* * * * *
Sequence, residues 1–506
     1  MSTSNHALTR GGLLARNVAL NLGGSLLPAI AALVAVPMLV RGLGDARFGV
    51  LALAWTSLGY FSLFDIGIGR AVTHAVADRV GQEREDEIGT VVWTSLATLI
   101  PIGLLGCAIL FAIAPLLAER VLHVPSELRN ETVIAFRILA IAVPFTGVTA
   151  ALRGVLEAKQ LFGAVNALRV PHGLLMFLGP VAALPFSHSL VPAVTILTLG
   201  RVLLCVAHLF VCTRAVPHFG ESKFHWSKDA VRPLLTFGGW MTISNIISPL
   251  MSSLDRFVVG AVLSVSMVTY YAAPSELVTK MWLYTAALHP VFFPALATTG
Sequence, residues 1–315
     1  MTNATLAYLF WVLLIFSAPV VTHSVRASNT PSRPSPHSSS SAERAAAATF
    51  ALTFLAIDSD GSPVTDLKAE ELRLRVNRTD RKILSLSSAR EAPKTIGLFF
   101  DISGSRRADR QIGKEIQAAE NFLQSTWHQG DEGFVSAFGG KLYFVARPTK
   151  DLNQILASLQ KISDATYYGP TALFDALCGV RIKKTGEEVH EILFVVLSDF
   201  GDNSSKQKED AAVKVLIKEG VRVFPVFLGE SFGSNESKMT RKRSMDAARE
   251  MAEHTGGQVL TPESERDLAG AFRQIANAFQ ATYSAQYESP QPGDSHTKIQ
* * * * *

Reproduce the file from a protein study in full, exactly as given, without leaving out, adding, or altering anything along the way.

Sequence, residues 1–506
     1  MSTSNHALTR GGLLARNVAL NLGGSLLPAI AALVAVPMLV RGLGDARFGV
    51  LALAWTSLGY FSLFDIGIGR AVTHAVADRV GQEREDEIGT VVWTSLATLI
   101  PIGLLGCAIL FAIAPLLAER VLHVPSELRN ETVIAFRILA IAVPFTGVTA
   151  ALRGVLEAKQ LFGAVNALRV PHGLLMFLGP VAALPFSHSL VPAVTILTLG
   201  RVLLCVAHLF VCTRAVPHFG ESKFHWSKDA VRPLLTFGGW MTISNIISPL
   251  MSSLDRFVVG AVLSVSMVTY YAAPSELVTK MWLYTAALHP VFFPALATTG
Sequence, residues 1–315
     1  MTNATLAYLF WVLLIFSAPV VTHSVRASNT PSRPSPHSSS SAERAAAATF
    51  ALTFLAIDSD GSPVTDLKAE ELRLRVNRTD RKILSLSSAR EAPKTIGLFF
   101  DISGSRRADR QIGKEIQAAE NFLQSTWHQG DEGFVSAFGG KLYFVARPTK
   151  DLNQILASLQ KISDATYYGP TALFDALCGV RIKKTGEEVH EILFVVLSDF
   201  GDNSSKQKED AAVKVLIKEG VRVFPVFLGE SFGSNESKMT RKRSMDAARE
   251  MAEHTGGQVL TPESERDLAG AFRQIANAFQ ATYSAQYESP QPGDSHTKIQ